Vocally, some of the words were pre-recorded but the rest came solely from Ralf. Use of a vocoder was their thing back in the day but it was hard to see if Ralf had one this time but the familiar computerization met our ears and it was all I could do to not stare…. I couldn’t believe I was getting to see this finally!
Well, ‘Ohm Sweet Ohm’ is my absolute favorite Kraftwerk song so ever since getting the ticket for this gig, I’d been anxiously and excitedly waiting for its performance. Sadly, and for no known reason but that they just decided to do it this way, it got cut in half! It’s the final song on the Radio-Activity LP and marked the shift between assigned album and additional performances (because the band did more than just the actual evenings album) but where ‘OSO’ has a wonderfully beautiful melody with a built up tempo change until it climaxes, the band decided to just stop at the end of the slow part. I was heartbroken… ah well… half of ‘OSO’ is better than NO ‘OSO’ I guess ;o)
And so the album part of the night ended… but that was just part 1 of the evening because after that, it was a free for all. The guys launched into ‘Autobahn’ and the graphics for that were stellar! We were all transported into the drivers seat of a car whizzing along with others on the German expressway, curves and all. It was definitely a highlight! ‘Trans-Europe Express’ was next, and as would be expected, trains behind the guys.
I should mention that the whole time I watched, all four guys stayed pretty stone faced and composed. I knew that was their “thing” but I saw Fritz let out a small smile once or twice as did Ralf, but both were very subtle about it. Henning on the other hand, well I’m not afraid to admit he scared me a bit. He made me a bit nervous, more menacing than the others and I was glad I was in the second row (though my goal for The Mix is to be front… but I think I’ll stay more towards Fritz and Stefan again).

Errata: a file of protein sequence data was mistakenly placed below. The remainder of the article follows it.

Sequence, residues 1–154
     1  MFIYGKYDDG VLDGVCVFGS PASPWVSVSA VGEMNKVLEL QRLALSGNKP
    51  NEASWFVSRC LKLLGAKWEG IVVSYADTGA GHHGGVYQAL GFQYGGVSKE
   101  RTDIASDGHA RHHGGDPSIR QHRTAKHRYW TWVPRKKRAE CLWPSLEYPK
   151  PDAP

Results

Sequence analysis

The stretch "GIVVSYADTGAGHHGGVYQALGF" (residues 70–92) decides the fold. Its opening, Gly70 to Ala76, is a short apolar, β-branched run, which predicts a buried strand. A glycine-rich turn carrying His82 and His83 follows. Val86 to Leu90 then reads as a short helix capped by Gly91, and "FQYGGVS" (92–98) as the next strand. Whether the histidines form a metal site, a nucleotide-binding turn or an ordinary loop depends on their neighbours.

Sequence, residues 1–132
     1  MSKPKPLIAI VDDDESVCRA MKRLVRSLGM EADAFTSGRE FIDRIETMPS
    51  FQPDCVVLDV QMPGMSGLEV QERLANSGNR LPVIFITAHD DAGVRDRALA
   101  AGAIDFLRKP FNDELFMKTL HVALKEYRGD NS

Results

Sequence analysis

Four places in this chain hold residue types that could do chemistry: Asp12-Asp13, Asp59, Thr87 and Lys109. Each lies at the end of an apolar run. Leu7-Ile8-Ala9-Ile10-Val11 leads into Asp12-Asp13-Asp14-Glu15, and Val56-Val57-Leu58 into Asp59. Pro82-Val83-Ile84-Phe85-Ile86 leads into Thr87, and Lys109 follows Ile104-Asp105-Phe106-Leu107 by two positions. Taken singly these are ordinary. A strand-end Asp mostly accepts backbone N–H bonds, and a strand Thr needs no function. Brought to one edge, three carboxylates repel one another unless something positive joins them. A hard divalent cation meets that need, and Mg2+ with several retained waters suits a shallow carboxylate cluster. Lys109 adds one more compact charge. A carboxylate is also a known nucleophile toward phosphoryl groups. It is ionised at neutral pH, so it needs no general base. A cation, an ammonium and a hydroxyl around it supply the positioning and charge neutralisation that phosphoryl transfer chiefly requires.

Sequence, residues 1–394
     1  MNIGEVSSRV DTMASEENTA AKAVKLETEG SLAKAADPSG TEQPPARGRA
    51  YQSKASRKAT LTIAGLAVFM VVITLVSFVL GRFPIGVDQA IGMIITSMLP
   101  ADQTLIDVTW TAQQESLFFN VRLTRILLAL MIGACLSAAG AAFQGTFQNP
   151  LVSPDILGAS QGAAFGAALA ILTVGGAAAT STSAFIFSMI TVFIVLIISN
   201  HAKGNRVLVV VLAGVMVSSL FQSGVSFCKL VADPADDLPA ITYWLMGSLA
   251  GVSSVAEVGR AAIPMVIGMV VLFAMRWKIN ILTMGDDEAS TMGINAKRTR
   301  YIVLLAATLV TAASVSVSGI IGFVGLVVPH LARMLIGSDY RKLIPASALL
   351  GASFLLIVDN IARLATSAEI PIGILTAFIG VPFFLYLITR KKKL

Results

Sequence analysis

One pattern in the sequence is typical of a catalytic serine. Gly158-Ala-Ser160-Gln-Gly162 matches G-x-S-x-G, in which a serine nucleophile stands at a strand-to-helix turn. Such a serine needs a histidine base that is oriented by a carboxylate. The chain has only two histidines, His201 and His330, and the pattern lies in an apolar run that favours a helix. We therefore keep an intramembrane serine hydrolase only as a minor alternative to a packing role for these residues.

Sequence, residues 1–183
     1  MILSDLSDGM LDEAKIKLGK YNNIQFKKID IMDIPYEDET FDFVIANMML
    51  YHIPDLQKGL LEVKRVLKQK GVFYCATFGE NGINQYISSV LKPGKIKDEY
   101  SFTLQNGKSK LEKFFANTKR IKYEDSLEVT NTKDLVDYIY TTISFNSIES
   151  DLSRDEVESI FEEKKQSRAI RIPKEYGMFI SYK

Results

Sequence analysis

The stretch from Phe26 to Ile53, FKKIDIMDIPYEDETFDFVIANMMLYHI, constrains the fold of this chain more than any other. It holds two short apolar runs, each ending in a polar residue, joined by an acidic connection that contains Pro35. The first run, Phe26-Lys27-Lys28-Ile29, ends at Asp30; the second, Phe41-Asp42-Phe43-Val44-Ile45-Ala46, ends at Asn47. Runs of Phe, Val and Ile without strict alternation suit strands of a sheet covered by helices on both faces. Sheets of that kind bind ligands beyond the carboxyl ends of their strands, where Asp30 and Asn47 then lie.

There were many a time we had things coming right at us. During ‘Numbers’, the letters and numbers kept, er, smacking me in the face and forehead. There were a multitude of cry-outs coming from the crowd, a few even ducking and/or trying to catch the flying objects. ‘Home Computer’ was the most colorful. There was a rainbow of bars all rotating around and even the boxes and podiums changed colors. This second half of the gig also brought about more movement. A girl in the front row continued to sway back and forth in a large octagon motion, the guy in front of me and Damiano were both moving around, and it was easy for me to bop around too though I refrained from a true bounce, it didn’t really feel quite appropriate but their music is too fun to not at least dance.
About three quarters of the way through, I saw some fans had taken their glasses off so I tried that too. It was ‘Tour De France’ and it was OK for awhile, actually kind of nice to free the face and see the guys without a slight film in front of my eyes but shortly after, I could see that the bicyclists that were trekking along behind on the screen were a bit blurry so back on went the glasses and I didn’t take them off until after the show was over.
Probably their, er, funniest (if I can use that term in describing Kraftwerk… it’s meant in a good way) song ‘Boing Boom Tschak’ was met with the words “boing” and “boom” cased in yellow quotation bubbles like you’d see in the olden days of say Batman and Robin or Spiderman TV series… I couldn’t help but giggle (which was easy to do since I had a huge smile on my face the whole night. I was just mesmerized by the whole experience).